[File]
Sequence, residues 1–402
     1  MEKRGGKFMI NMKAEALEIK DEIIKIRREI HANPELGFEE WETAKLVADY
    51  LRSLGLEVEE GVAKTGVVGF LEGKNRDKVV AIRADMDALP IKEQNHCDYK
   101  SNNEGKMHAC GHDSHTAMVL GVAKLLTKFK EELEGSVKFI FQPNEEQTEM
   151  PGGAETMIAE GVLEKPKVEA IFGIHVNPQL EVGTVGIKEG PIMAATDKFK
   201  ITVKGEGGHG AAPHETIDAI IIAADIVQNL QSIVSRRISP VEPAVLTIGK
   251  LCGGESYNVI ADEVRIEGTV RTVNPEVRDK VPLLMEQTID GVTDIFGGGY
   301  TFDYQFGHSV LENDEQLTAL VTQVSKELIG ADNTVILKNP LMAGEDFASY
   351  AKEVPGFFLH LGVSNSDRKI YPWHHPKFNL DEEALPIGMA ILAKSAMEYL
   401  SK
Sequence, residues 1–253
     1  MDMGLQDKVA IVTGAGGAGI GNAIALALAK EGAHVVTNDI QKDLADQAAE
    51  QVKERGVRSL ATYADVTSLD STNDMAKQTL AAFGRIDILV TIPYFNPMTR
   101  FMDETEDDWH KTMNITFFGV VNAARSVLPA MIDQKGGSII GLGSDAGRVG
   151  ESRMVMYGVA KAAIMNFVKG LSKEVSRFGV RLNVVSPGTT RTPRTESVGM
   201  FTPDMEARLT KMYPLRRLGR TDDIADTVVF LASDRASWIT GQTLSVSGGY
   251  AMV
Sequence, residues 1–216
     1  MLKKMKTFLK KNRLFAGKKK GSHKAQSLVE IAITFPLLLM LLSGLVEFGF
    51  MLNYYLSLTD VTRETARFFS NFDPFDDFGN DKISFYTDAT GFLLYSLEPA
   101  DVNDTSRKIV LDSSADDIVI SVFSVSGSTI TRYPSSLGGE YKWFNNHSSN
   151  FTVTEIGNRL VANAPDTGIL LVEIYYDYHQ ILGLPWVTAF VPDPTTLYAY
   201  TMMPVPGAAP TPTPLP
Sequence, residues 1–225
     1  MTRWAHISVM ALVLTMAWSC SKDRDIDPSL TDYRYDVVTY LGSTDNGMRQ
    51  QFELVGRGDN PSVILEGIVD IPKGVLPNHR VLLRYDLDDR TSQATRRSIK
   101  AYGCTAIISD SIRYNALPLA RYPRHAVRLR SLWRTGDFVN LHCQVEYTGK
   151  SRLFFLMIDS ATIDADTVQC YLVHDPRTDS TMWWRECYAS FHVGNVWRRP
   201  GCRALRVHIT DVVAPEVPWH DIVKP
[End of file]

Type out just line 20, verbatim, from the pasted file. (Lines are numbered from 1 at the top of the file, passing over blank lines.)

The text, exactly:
    51  MLNYYLSLTD VTRETARFFS NFDPFDDFGN DKISFYTDAT GFLLYSLEPA